NMPA Applauds Bipartisan, Bicameral Introduction of Songwriter Equity Act
WASHINGTON, D.C. – Senator Orrin Hatch (R-Utah) and Congressman Doug Collins (R-Ga) today introduced the Songwriter Equity Act. The legislation modernizes sections 114 and 115 of the Copyright Act to achieve fairer royalty rates for songwriters. Senators Sheldon Whitehouse (D-R.I.), Lamar Alexander (R-Tenn.) and Bob Corker (R-Tenn.) joined Hatch on the Senate bill. Representatives Hakeem Jeffries (D- N.Y.), Marsha Blackburn (R-Tenn.), Jerry Nadler (D-N.Y.), Tom Rooney (R-Fla.), Steve Cohen (D-Tenn.), Adam Schiff (D-Calif.), Tony Cardenas (D-Calif.), Phil Roe (R-Tenn.) and Alan Lowenthal (D-Calif.) are original cosponsors of the House version. National Music Publishers’ Association President and CEO David Israelite praised the bill’s introduction.
“Three-quarters of a songwriter’s income is regulated by the federal government,” said Israelite. “While most property rights are valued in a free market, songwriters have suffered under a system that devalues their work and takes away their most basic property rights.
“As the recent Copyright Office report on music licensing recommended, if songwriters’ royalties must be regulated, they should at least be based on fair market value. I am grateful for members of the Senate and House who are standing up for creators and ensuring that songwriters’ work is valued properly, considering the value they bring to our lives and the businesses they fuel.”
Background: The Songwriter Equity Act addresses two significant inequities under current copyright law that prevent songwriters and music publishers from receiving compensation that reflects the fair market value of their work.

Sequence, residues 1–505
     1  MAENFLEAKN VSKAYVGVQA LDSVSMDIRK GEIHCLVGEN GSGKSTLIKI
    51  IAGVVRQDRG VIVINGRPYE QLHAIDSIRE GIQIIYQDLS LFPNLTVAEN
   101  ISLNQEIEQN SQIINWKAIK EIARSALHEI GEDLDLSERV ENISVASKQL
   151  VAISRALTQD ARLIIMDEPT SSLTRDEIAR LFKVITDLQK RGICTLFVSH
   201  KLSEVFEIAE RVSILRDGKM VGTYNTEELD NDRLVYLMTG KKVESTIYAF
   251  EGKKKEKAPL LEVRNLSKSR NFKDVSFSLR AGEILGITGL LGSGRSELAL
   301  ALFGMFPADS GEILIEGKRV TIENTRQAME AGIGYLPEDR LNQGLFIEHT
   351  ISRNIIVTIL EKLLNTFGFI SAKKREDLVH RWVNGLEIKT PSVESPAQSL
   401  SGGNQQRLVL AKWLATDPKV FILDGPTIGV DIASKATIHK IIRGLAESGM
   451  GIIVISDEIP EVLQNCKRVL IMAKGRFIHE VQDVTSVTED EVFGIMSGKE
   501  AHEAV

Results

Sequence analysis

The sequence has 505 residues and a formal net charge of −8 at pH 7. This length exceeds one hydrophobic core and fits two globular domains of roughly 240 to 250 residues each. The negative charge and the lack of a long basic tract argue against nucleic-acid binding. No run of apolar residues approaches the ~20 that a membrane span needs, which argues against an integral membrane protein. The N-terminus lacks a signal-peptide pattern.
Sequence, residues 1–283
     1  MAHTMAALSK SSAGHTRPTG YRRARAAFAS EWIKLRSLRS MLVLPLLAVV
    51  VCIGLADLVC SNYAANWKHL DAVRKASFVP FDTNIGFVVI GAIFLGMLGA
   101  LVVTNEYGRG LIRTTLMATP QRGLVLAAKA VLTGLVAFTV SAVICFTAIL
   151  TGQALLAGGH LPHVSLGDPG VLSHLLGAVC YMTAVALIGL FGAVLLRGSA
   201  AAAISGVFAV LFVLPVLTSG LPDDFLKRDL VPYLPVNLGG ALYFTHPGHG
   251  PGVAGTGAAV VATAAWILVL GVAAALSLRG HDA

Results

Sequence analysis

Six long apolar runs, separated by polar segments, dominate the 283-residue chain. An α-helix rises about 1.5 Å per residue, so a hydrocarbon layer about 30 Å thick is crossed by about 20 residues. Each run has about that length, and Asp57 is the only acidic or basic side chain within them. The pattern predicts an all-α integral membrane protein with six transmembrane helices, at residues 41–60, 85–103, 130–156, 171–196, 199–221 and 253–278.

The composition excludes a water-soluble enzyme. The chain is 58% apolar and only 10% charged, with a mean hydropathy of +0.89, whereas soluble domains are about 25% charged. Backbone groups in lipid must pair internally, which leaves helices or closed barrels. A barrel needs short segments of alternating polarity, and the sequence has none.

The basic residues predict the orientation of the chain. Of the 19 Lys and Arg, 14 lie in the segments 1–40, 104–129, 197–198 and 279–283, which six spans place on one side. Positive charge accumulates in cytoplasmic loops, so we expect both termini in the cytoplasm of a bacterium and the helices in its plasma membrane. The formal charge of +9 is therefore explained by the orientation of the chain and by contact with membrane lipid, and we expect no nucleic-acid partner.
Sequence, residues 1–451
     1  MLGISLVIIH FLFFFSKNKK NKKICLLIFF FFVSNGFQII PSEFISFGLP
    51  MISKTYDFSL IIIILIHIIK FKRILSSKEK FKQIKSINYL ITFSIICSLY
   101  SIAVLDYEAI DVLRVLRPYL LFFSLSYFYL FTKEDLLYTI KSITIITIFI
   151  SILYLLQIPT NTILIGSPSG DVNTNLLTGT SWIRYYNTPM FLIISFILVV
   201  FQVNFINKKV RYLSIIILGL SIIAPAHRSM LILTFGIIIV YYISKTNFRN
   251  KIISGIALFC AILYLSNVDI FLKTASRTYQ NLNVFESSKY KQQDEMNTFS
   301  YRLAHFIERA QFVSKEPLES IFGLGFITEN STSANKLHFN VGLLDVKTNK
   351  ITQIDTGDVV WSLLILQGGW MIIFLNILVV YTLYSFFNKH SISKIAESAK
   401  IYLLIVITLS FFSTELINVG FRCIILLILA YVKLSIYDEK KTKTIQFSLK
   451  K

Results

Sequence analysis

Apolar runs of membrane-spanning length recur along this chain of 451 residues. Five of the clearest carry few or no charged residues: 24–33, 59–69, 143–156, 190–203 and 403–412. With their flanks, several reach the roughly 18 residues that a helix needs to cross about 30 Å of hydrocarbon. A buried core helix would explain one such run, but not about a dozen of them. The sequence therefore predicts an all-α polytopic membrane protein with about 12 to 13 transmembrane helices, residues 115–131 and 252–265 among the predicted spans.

Created before the existence of recorded music to regulate player piano rolls, Section 115 of the Copyright Act is shorthand for a complex compulsory license system that dates back to 1909. This system effectively prohibits songwriters and music publishers from negotiating for the use of their songs, forcing well-below market rates instead of fair value. In 1909, Congress set a rate of 2 cents per copy. Today, more than 100 years later, that rate has increased to only 9.1 cents. The incremental increase is a result of the Copyright Royalty Board’s (CRB) legal obligation to apply a below-market standard when determining mechanical royalties for songwriters and music publishers.
Section 114(i) was enacted by Congress to protect songwriters and ensure that their compensation was not unfairly diminished. But the effect of the provision has, in fact, been the exact opposite. This legislation would help restore what Congress originally intended – fair compensation for the public performance of a songwriter’s work. It allows the federal rate courts to consider rates paid to recording artists for the performance of sound recordings over digital platforms – evidence that the court is currently prohibited by law from considering.
Support: The bill has broad support by organizations such as the Nashville Songwriters Association International (NSAI), American Society of Composers, Authors and Publishers (ASCAP), Society of European Stage Authors and Composers (SESAC) and Broadcast Music Inc (BMI). A one-pager of support can be downloaded below.
About the NMPA: Founded in 1917, the National Music Publishers’ Association (NMPA) is the trade association representing all American music publishers and their songwriting partners. The NMPA’s mandate is to protect and advance the interests of music publishers and songwriters in matters relating to the domestic and global protection of music copyrights.